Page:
Substitutional cues can take various forms depending on the affordance to be evoked. For example, one type of spatial affordance can be designated as a passability affordance; e.g., a doorway or passageway, or the like. An exemplary passability affordance can be evoked by the appearance of objects in a VE with appropriate gaps and edges. Moreover, the physical characteristics of the object can be communicated by visual cues relating the size of the object (e.g., shoulder width of the doorway/passageway) to the virtual representation of the human. In addition, an action capability can be provided as a (virtual) capability to rotate. A practical example of a passability affordance in a VE aircraft maintenance trainer might be the accurate realization of a user that he can experience the same limitations on access in the VE as he would in the real aircraft.
In another example, a temporal type of affordance can be designated as a catchability affordance. Substitutional cues for evoking an exemplary catchability affordance may take the form of visual and audio stimuli in the VE that indicate detectable height and speed. Moreover, the substitute stimuli may also provide visual and audio cues that indicate self-acceleration and self-speed when objects to catch will land within a predetermined range. In addition, an action capability can be provided as a (virtual) capability to move. In a practical example, a VE interface implementing training tools for air traffic controllers would typically require an accurate realization of catchability by the operator to ensure that the closure rates of different aircraft are correctly understood.
Accordingly, the shortcomings of the prior art have been overcome by providing an improved method for evoking perceptions of affordances in a virtual environment (VE). A typical VE may not provide all of the sensory stimuli to evoke user perceptions of affordances as would be experienced in the real world environment simulated by the VE. In order to improve the VE simulation, therefore, substitute stimuli may be communicated to the user via the properties and behavior of objects in the VE. If properly designed, the substitute stimuli can evoke the desired perceptions of affordances to enhance the user interaction with the VE.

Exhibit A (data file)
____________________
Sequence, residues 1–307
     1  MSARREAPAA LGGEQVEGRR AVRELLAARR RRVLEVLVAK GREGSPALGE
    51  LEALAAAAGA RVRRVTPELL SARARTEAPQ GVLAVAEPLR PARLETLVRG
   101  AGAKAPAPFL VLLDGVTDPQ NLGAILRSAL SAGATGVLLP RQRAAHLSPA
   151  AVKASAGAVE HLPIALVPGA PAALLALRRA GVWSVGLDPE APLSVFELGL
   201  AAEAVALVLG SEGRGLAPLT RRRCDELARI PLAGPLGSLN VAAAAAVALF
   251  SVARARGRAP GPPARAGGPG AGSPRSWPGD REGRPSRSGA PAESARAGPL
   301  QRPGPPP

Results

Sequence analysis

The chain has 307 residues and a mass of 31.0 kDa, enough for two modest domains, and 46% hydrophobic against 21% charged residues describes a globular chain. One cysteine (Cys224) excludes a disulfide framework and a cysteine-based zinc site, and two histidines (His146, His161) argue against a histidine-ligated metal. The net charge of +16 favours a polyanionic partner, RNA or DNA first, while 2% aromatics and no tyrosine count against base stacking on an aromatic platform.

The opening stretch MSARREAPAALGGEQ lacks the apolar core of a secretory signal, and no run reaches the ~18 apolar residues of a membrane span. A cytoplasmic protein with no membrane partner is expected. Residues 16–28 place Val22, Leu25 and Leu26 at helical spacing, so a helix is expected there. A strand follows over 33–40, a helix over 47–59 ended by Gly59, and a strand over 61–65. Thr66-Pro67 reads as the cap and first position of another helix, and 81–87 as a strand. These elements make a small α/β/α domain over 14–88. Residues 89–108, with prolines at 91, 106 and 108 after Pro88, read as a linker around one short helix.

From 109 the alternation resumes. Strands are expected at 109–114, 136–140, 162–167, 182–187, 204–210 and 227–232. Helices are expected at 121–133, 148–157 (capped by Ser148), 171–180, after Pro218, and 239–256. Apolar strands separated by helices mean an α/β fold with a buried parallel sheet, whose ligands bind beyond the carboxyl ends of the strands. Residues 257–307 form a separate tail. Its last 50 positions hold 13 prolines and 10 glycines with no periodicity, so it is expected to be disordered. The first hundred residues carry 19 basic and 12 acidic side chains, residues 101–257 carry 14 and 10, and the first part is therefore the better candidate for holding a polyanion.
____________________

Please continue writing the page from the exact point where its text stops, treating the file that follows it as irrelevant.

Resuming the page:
While at least one exemplary embodiment has been presented in the foregoing detailed description, it should be appreciated that a vast number of variations exist. It should also be appreciated that the exemplary embodiment or exemplary embodiments are only examples, and are not intended to limit the scope, applicability, or configuration of the invention in any way. Rather, the foregoing detailed description will provide those skilled in the art with a convenient road map for implementing the exemplary embodiment or exemplary embodiments. It should be understood that various changes can be made in the function and arrangement of elements without departing from the scope of the invention as set forth in the appended claims and the legal equivalents thereof.
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|1||David C. Gross, Kay M, Stanney, and Lt. Joseph Cohn, Toward a Theory of Affordance Based Design of Virtual Environments, Aug. 9, 2001.|
|2||David C. Gross, Kay M, Stanney, and Lt. Joseph Cohn, Toward a Theory of Affordance Based Design of Virtual Environments.|
|3||David C. Gross, Lt Joseph Cohn, PhD; and William V. Tucker, Affordance-Based Design of Virtual Environment Training Systems: A Human-Centric Approach, Nov. 5, 2001.|
|4||David C. Gross, Lt Joseph Cohn, PhD; and William V. Tucker, Affordance-Based Design of Virtual Environment Training Systems: A Human-Centric Approach.|
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|Citing Patent||Filing date||Publication date||Applicant||Title|
|US8392250 *||Aug 9, 2010||Mar 5, 2013||The Nielsen Company (Us), Llc||Neuro-response evaluated stimulus in virtual reality environments|
|US9389680||Jan 27, 2012||Jul 12, 2016||The Boeing Company||Method and apparatus for evoking perceptions of affordances in virtual environments|
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|U.S. Classification||345/7, 600/545, 345/633, 382/155|
|International Classification||A61B5/04, G09G5/00|
|Cooperative Classification||G06F3/01, G06F3/011|
|Sep 30, 2004||AS||Assignment|
Owner name: BOEING COMPANY, THE, ILLINOIS
Free format text: ASSIGNMENT OF ASSIGNORS INTEREST;ASSIGNOR:GROSS, DAVID C.;REEL/FRAME:015867/0776
Effective date: 20040928
|Jan 7, 2013||FPAY||Fee payment|
Year of fee payment: 4
|Jan 9, 2017||FPAY||Fee payment|
Year of fee payment: 8